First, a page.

Cybersecurity experts cringe as Trump hands out his cell phone number

President overshares personal information with world leaders, creates real risks

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The inter­net stirred ear­li­er this week about the mean­ing of the word “Covfefe”—generated, one could guess, when the pres­i­dent fell asleep mid-tweet, phone in hand. But a more impor­tant Trump cell phone issue got far less attention.

Bob Sul­li­van, jour­nal­ist and one of the found­ing mem­bers of

The Asso­ci­at­ed Press report­ed that Trump is giv­ing out his cell phone num­ber to world lead­ers so they can call him direct­ly. Not only is this high­ly unusu­al, it cre­ates plen­ty of secu­ri­ty risks—not to men­tion pub­lic records issues.

Ear­li­er, mar­ket­ing expert Pesach “Pace” Lat­tin had not­ed that Trump—at least sometimes—appears to leave loca­tion tag­ging on, point­ing as evi­dence to a tweet, sent dur­ing the president’s recent inter­na­tion­al trip, which was tagged with the loca­tion “from Taormi­na, Italy.”

Trump has loca­tion tag­ging on. That is a huge secu­ri­ty risk. Means his phone’s GPS is on,” Lat­tin tweeted.

(Oth­er tweets don’t seem to share loca­tion, so per­haps the pres­i­dent turns loca­tion on and off for effect; still, who among us hasn’t screwed up such pri­va­cy settings?)

The loca­tion infor­ma­tion, com­bined with the wide shar­ing of the device’s phone num­ber, cre­ates seri­ous risks, says Jeff Bardin, chief intel­li­gence offi­cer for secu­ri­ty firm Treadstone71.

(The phone) will be direct­ly mon­i­tored for all calls, texts, URLs vis­it­ed, apps used, and ful­ly exposed to for­eign intel­li­gence agen­cies for track­ing,” Bardin said. One can assume the num­ber has been wide­ly shared through intel­li­gence agen­cies. For­eign gov­ern­ments could deter­mine the phone’s loca­tion and prob­a­bly access data and mes­sages on the device.

It’s pos­si­ble the phone could be “imper­son­at­ed,” or cloned, so every mes­sage or call direct­ed at Trump’s phone also would be sent to the clone.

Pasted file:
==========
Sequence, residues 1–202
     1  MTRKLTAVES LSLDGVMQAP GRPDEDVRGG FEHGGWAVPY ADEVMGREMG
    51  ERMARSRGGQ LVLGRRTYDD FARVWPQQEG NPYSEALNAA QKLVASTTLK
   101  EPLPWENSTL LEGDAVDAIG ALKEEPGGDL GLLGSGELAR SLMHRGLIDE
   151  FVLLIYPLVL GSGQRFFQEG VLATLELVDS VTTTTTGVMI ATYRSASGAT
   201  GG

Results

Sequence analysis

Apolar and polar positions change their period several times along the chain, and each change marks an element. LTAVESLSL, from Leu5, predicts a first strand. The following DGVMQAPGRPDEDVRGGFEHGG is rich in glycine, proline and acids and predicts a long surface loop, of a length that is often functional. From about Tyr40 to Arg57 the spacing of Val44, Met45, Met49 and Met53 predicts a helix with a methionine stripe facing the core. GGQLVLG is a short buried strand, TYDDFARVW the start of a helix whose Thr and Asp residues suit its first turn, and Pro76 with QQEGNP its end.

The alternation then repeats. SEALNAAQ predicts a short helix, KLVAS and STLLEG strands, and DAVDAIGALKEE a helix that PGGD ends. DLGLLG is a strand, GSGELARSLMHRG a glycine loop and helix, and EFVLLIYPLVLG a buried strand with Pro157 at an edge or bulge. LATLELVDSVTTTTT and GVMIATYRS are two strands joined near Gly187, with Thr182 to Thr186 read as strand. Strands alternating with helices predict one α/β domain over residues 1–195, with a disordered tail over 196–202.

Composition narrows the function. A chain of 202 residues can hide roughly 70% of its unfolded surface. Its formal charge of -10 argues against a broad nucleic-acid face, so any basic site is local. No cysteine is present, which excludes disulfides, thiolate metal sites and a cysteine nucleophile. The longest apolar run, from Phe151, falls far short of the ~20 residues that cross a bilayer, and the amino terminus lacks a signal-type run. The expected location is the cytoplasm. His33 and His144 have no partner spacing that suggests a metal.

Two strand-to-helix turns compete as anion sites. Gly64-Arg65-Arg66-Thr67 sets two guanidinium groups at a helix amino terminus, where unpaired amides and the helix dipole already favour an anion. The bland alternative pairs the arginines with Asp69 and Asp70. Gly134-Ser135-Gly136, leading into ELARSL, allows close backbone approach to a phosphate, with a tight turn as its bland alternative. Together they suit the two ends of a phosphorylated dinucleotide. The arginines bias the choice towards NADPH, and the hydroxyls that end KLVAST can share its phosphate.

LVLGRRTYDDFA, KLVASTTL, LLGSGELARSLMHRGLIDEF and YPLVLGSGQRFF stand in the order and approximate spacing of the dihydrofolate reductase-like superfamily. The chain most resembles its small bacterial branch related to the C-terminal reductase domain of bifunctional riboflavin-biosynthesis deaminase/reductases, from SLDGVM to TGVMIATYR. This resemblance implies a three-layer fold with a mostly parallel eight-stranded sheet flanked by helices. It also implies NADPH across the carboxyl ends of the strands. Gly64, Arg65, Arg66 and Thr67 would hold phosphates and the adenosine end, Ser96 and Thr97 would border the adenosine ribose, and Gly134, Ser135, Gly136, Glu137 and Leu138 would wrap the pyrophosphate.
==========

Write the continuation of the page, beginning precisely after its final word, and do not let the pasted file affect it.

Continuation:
Eaves­drop­ping possible

It also could be used to lis­ten in on Trump’s con­ver­sa­tions. There have been numer­ous sto­ries chron­i­cling mali­cious soft­ware that turns on the micro­phone of a smart­phone, even if the gad­get is off, turn­ing the gad­get into a per­fect bug­ging device. CNN has report­ed that the Nation­al Secu­ri­ty Agency, indeed, can do this.

The loca­tion issue is even more sen­si­tive, Bardin said. An ene­my who could pin­point the president’s pre­cise coor­di­nates would have cru­cial infor­ma­tion for doing him harm.

Lat­tin, also a secu­ri­ty expert who once helped set up a Secret Ser­vice secu­ri­ty task force, says Trump’s insis­tence on tweet­ing cre­ates a wide field of concerns.

Trump’s obses­sive use of Twit­ter is not only a dan­ger to him­self, but to oth­ers,” he said. “Twit­ter is a noto­ri­ous­ly poor­ly writ­ten pro­gram, first of all, and add to it that he is obvi­ous­ly using his phone with GPS on, there is a pletho­ra of issues. I can’t imag­ine the U.S. Secret Ser­vice is hap­py with him insist­ing on car­ry­ing this with him at all times.”

 Not stan­dard protocol

Of course, it’s rea­son­able to think that for­eign intel­li­gence agen­cies already had Trump’s num­ber and oth­er device-iden­ti­fy­ing details, and could com­mit this kind of espi­onage with Trump’s alleged over­shar­ing. It seems impru­dent to make their job any eas­i­er, however.

There also are polit­i­cal con­sid­er­a­tions. Trump using his own phone—as opposed to offi­cial channels—to com­mu­ni­cate with world lead­ers cuts out all stan­dard pro­to­cols. It’s unclear how such con­ver­sa­tions would be stored for pos­ter­i­ty or made sub­ject to pub­lic records requests.

It is under­stand­able that a pres­i­dent look­ing to main­tain tried-and-true com­mu­ni­ca­tion meth­ods would be reluc­tant to change styles after elec­tion, how­ev­er. For an exam­ple, one needs only to look back one president.

Eight years ago, then Pres­i­dent-elect Barack Oba­ma went through a high­ly pub­lic squab­ble with U.S. intel­li­gence agen­cies to keep access to his trusty Black­ber­ry gad­get. At one point, he said of his secu­ri­ty team, “They’re going to pry it out of my hands.”

Ulti­mate­ly, the two sides com­pro­mised, and Oba­ma received a mod­i­fied, lim­it­ed-used Black­ber­ry that report­ed­ly had tight con­trols on mes­sages going in and out. But as late as 2015, Oba­ma said he wasn’t allowed to have a smart­phone that could pick up audio (He final­ly got one dur­ing his final year in office.)

I can’t use phones with recorders in them. So a lot of the new fan­gled stuff, for secu­ri­ty rea­sons, I don’t get,” he said on the Jim­my Kim­mel TV show then.

More sto­ries relat­ed to phone privacy:
Think twice before allow­ing apps to access infor­ma­tion on your phone
Donat­ing cell phone could put you at risk
Think your device is safe from scruti­ny? Ask Tom Brady